What is the most accurate test for pulmonary embolism?
What are the best initial tests for pulmonary embolism?
What are signs of pulmonary embolism on CXR?
2. Hampton hump (pleural-based lesions)
3. wedged infarct
4. oligemia (westermark sign)
What are signs of pulmonary embolism on ABG?
hypoxia, respiratory alkalosis (high pH, low CO2)
(extremely suggestive if normal CXR)
What is considered abnormal in pulmonary function tests?
< 80% in any lung volume or flow rate
What is considered air trapping on pulmonary function tests?
>120% lung volumes
(suggestive of obstructive diseases)
What is definition of total lung capacity?
volume of gas in lungs after maximal inspiration
What is definition of residual volume?
volume of gas in lungs after forced maximal expiration (unused space)
What is the definition of vital capacity?
volume of gas exhaled with maximal forced expiration
What is the finding on pulmonary function test for obstructive lung disease?
1. FEV1/FVC < 80%
(b/c decreased FEV1)
2. normal or elevated lung volumes
3. FEF 25-75 < 80%
What is the finding on pulmonary function test for restrictive lung disease?
1. decreased lung volumes (TLC, RV, VC)
2. normal FEV1/FVC
What does obstructive pattern with decreased DLco on pulmonary function test suggest?
(if normal DLco, chronic bronchitis or asthma)
What does restrictive pattern with decreased DLco on pulmonary function test suggest?
1. Interstitial lung disease (intrapulmonary restriction)
2. heart failure
(if DLco normal, extrapulmonary restriction --> obesity, kyphoscoliosis, neuromuscular disease)
What does increased DLco suggests?
(goodpastures and wegeners)
Who should be considered for methacholine challenge test?
a patient suspected to have asthma but has normal PFT
(methacholine invokes asthmatic crisis that results in decreased FEV1 by at least 20%)
An obstructive pattern on pulmonary function test that reverses more than 12% and 7,200 ml after albuterol suggests....
A shift of the flow volume loop to the right suggests .... signifying ....
reduction in lung volume; restrictive disease
A shift of the flow volume loop to the left (with decreased airflow rate) suggests....
What does flattening of the top and bottom of the flow volume loops suggest?
Fixed airway obstruction (tracheal stenosis, foreign object obstruction, tracheal tumor)
What does flattening of just the bottom of the flow volume loops suggest?
dynamix extrathoarcic airway obstruction (vocal cord paralysis)
What is the formula for A-a gradient (partial pressure of oxygen in alveoli versus blood)?
A-a = [150- (1.25 x PaCO2) - PaO2]
(normal range is 5-15 mmHg for pt on room air)
What is the most common cause of normal A-a gradient with severe hypoxemia in the emergency department?
Opiate intoxication/ overdose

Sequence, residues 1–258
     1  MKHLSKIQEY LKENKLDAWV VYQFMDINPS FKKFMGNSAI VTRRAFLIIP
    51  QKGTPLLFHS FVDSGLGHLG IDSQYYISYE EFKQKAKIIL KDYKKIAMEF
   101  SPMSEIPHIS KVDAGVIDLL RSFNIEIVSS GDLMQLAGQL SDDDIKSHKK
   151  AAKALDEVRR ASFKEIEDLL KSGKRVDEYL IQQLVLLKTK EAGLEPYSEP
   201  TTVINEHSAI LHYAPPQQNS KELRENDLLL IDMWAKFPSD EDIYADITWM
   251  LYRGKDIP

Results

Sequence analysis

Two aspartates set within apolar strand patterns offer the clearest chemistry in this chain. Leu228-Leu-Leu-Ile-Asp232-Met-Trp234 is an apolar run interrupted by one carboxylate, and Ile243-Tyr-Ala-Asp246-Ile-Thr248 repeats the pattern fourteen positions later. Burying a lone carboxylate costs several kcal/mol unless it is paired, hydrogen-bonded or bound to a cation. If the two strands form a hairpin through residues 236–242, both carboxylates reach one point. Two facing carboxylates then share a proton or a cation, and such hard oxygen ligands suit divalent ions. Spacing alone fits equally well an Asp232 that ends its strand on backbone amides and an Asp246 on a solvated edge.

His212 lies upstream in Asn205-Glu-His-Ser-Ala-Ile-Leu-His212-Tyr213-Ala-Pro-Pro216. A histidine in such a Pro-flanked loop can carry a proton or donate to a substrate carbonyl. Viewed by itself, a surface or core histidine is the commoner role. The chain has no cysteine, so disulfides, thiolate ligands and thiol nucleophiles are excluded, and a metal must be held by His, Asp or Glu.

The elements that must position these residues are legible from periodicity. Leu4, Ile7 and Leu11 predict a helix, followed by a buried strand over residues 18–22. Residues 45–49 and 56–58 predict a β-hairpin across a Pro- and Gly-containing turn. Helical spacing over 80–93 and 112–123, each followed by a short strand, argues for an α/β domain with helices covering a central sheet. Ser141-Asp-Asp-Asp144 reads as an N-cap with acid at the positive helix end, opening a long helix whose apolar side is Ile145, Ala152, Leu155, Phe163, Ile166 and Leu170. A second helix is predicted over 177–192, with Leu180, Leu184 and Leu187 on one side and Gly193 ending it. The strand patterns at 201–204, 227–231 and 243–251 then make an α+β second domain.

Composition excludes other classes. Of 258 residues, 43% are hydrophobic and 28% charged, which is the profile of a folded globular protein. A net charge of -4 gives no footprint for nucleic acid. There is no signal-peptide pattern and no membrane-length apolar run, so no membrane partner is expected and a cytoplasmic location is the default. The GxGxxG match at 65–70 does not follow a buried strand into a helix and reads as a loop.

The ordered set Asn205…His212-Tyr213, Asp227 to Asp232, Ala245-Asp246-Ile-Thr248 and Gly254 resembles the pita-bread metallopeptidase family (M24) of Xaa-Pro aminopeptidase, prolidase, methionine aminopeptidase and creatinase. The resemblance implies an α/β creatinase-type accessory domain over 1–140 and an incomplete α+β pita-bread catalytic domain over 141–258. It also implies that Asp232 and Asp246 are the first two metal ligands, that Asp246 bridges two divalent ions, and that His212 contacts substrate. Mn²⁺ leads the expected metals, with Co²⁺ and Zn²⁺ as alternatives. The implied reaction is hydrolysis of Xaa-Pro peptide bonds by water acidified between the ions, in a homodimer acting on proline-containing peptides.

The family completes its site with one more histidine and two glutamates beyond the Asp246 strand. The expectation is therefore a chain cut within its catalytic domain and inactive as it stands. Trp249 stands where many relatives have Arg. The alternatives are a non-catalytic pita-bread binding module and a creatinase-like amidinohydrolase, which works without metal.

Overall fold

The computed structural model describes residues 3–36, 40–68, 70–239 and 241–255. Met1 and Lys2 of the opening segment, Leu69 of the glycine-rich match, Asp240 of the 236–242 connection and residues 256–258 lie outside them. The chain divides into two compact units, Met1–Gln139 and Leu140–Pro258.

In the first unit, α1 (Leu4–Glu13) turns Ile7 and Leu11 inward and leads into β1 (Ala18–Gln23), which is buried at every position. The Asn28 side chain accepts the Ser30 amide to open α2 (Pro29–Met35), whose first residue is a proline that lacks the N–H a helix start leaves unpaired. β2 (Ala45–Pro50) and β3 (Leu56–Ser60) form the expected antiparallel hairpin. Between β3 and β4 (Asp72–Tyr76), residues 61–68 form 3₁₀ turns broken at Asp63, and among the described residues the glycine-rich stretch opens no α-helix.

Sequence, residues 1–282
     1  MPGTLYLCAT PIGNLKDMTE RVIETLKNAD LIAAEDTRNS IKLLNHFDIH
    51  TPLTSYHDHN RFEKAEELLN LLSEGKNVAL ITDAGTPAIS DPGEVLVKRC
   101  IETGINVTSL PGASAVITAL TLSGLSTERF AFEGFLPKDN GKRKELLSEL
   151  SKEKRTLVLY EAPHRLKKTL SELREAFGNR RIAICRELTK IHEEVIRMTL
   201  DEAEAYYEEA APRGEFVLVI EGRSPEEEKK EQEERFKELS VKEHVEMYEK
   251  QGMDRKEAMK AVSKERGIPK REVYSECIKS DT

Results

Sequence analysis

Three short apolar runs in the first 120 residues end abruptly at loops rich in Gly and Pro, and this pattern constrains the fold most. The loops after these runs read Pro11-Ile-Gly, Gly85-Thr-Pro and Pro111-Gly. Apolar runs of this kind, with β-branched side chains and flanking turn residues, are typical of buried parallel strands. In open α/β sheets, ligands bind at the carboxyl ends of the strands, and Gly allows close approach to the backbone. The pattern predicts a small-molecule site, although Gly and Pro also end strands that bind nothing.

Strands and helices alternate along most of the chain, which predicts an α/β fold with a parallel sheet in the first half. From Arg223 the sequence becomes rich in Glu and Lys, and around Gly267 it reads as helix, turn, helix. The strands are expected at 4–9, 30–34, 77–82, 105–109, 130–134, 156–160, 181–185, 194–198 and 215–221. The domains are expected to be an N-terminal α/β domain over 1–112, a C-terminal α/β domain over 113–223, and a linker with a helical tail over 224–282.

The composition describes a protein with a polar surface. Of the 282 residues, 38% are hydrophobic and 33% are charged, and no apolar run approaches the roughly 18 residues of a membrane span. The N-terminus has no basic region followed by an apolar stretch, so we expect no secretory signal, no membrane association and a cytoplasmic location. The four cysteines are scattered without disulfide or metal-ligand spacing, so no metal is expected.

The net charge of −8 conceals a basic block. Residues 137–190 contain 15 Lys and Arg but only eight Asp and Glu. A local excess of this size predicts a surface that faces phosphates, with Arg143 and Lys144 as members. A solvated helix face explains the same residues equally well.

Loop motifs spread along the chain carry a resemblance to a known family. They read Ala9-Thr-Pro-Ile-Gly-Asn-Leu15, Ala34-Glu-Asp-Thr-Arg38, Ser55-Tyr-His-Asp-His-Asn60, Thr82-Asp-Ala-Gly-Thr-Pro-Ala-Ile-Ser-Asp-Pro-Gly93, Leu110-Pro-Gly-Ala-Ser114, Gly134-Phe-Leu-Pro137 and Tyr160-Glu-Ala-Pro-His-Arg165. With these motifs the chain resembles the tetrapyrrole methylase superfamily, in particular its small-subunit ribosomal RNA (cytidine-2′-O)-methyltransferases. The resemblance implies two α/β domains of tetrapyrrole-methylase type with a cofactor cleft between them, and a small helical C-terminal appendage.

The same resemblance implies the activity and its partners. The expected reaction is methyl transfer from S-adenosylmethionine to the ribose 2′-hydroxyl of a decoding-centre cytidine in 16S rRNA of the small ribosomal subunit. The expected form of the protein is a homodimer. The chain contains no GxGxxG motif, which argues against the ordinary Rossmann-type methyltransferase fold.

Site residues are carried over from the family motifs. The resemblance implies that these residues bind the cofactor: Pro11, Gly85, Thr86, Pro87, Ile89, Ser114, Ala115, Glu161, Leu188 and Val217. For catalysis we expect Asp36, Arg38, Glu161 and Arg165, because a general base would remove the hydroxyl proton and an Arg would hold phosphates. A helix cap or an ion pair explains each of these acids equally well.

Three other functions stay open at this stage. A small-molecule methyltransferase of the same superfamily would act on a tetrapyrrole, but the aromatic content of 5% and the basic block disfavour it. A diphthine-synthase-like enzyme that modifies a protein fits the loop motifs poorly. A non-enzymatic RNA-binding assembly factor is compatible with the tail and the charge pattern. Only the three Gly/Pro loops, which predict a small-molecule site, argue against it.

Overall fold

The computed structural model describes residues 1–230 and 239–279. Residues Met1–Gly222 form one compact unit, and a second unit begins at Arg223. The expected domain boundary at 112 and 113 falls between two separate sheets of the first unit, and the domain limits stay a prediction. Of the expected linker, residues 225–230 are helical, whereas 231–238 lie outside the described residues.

What are the causes of normal A-a gradient with hypoxemia?
2. high altitude
What are the 2 most important factors in delivery of oxygen to vital organs?
1. cardiac output
(important to maintain both near normal in ill pt)
What is the initial step in the evaluation of an incidentally found pulmonary nodule?
look at prior X-ray (imaging)
What makes a pt low risk for lung cancer if has an incidentally found pulmonary nodule without prior CXR to compare to? (6)
1. < 2 cm
5. smooth distinct margins
6. no change in size
What should be done in a low risk pt with an incidentally found pulmonary nodule without prior CXR?
repeat CXR or chest CT every 3 months for 2 years
(if no growth after 2 years, benign)
What makes a pt high risk for lung cancer if has an incidentally found pulmonary nodule without prior CXR?
1. >50 y/o
2. smoking history
3. nodule likely bronchogenic cancer
What should be done in a high risk pt with an incidentally found pulmonary nodule without prior CXR?
open-lung biopsy and removal of nodule
What is the difference between transudative effusion and exudative effusion?
trans: due to increased hydrostatic pressure/ decreased oncotic pressure; usually bilateral
exudate: due to local process; usually unilateral
What is the best initial test for new or unexplained pleural effusion?
thoracentesis w/ fluid LDH and protein level
(compare to serum LDH and protein)
What is Light Criteria for exudative pleural effusion?
1. LDH effusion > 200
2. LDH effusion/ serum ratio > 0.6
3. Protein effusion/ serum ratio > 0.5
A pt with lymphocytic predominant exudative pleural effusion suggests .... and the most accurate test is ....
pleural TB; pleural biopsy
What is the initial step in management of a patient presenting in respiratory distress?
assess airway for patency and adequate breathing
(intubate if necessary and give oxygen)
What is the best initial lab test for a patient presenting with respiratory distress?
arterial blood gas
What do popcorn calcifications on CXR suggest?
What do bull's eye calcifications on CXR suggest?